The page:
Category: Morning After

The Morning After: Jun. 10, 2019

Welcome to The Morning After, where I share with you what movies I’ve seen over the past week. Below, you will find short reviews of those movies along with a star rating. Full length reviews may come at a later date.

So, here is what I watched this past week:

Dark Phoenix


With Disney now fully in control of the entirety of Fox’s film division, the X-Men universe is in their control and, as such, Dark Phoenix represents the last film of the Fox era. While the film sets itself up with the possibility of continuation, the affable cast are likely at an end with these characters. James McAvoy, Michael Fassbender, Jennifer Lawrence, Nicholas Hoult, Sophie Turner, Alexnadra Shipp, Tye Sheridan, Kodi Smit-McPhee, and Evan Peters have managed to give us terrific final performances as the X-Men in a film that, while imperfect, is the most entertaining entry in the series since Days of Future Past.

Set in 1992, Dark Phoenix sees the X-Men as celebrated among the non-mutant population of earth, saviors who have done much to improve their standing in society. During a successful mission to rescue the astronauts aboard the Endeavor as they were able to be destroyed by a mysterious space entity, Jean Grey (Turner) absorbs the energy and her already formidable powers are amplified and the walls in her mind erected by Charles Xavier (McAvoy) have begun to crumble. As Jean loses focus on family and friends through a sense of intense betrayal and her inability to control the force within her, the careful walls Xavier has built between the X-Men and society begin to crumble and with them, the safety of the X-Men themselves is at stake from both within and without.

Although Patrick Stewart and Ian McKellen were the best incarnations of Xavier and Eric Lehnsherr/Magneto, McAvoy and Fassbender gave them their own unique talents and while they are modest shadows of the characters they created in Days of Future Past and First Class, they still provide strong characterizations. Lawrence, given very little screen time in this outing, does well with what she has. Hoult, Shipp, Sheridan, Smit-McPhee, and Peters are equally engaging, though perhaps not given enough material. What they are given, however, is the confidence in their abilities that enable them to produce the kind of power displays that are perfect embodiments of their characters.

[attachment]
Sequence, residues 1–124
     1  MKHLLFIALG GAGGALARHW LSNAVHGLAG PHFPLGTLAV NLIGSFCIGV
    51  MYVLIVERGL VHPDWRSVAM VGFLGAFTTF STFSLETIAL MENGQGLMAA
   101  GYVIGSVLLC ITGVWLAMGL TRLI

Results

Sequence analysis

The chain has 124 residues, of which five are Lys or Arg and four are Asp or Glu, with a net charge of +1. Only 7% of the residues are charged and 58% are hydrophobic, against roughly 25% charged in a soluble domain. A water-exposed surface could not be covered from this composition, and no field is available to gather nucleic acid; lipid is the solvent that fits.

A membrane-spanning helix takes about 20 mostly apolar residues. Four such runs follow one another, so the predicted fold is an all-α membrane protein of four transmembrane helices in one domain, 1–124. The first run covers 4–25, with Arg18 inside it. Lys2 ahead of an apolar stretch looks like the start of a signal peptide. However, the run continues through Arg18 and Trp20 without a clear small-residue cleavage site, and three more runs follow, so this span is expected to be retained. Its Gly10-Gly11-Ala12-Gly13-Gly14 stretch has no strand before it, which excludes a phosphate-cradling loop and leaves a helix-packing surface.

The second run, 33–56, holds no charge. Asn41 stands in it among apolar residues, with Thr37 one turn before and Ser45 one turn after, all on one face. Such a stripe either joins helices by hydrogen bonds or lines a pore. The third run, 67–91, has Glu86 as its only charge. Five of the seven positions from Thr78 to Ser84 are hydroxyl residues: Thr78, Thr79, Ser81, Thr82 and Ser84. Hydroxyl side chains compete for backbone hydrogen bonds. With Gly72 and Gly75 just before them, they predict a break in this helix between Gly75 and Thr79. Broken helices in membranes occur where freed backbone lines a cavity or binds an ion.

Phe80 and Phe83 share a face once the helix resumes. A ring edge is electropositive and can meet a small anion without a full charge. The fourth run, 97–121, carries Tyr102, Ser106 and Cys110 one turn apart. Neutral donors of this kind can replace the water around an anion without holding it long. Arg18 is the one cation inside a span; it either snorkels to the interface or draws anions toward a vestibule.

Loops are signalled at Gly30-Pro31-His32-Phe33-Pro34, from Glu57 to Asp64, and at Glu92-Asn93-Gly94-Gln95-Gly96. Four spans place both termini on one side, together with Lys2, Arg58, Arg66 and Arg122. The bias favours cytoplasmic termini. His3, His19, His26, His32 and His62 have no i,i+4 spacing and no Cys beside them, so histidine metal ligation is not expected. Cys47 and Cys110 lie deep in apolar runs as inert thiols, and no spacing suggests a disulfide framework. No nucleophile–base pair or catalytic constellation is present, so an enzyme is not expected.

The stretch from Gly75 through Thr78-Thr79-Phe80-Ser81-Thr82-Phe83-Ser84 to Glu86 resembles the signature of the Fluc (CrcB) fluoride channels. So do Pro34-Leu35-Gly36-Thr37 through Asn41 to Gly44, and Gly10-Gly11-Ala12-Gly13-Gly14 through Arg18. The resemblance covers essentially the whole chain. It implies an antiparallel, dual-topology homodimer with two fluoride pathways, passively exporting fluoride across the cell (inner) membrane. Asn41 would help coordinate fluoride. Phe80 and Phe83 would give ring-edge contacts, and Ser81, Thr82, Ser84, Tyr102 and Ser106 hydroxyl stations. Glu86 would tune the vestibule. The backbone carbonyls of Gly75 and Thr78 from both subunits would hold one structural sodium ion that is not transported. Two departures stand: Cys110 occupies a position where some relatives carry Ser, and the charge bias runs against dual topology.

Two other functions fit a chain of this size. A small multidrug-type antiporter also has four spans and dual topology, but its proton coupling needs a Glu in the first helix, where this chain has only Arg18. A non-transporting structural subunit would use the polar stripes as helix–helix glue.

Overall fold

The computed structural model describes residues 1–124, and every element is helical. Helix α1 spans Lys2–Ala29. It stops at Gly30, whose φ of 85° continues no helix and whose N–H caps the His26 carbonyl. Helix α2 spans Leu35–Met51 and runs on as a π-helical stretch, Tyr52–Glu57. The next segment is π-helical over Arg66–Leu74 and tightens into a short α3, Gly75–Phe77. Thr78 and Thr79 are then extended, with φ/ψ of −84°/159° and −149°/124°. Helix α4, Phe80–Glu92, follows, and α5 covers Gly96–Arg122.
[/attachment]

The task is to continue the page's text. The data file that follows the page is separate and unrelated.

Apocalypse was the nadir of the X-Men universe, although the Wolverine films were on the whole inferior with only Logan topping much of what came before it, Dark Phoenix is a step above all but the first two films in the series and ranks third among the recent four X-Men outings. It’s too bad these characters aren’t going to be given more chances to expand. I’m afraid Disney’s tinkering might have been a detriment to the film’s overall potential success. We may never know if the rumors of disastrous showings were true or if this was their attempt to ingratiate with X-Men fans for the eventual assimilation into the Marvel Cinematic Universe, which without the X-Men might never have been thought possible and to which they owe a great deal of gratitude even if they should never acknowledge or grant it.

The Morning After: Mar. 18, 2019

Welcome to The Morning After, where I share with you what movies I’ve seen over the past week. Below, you will find short reviews of those movies along with a star rating. Full length reviews may come at a later date.

So, here is what I watched this past week:

Captain Marvel


Set in 1995, Captain Marvel finds Kree operative Vers (Brie Larson) attempting to understand the dreams she’s having that place her in a strange body facing off against a Kree assassin. After being captured by a group of Skrull mercenaries, Vers begins to unravel the flashes of memory she’s had by traveling to Earth where she hopes to uncover information about the Pegasus program with the help of S.H.I.E.L.D. operative Nick Fury (Samuel L. Jackson).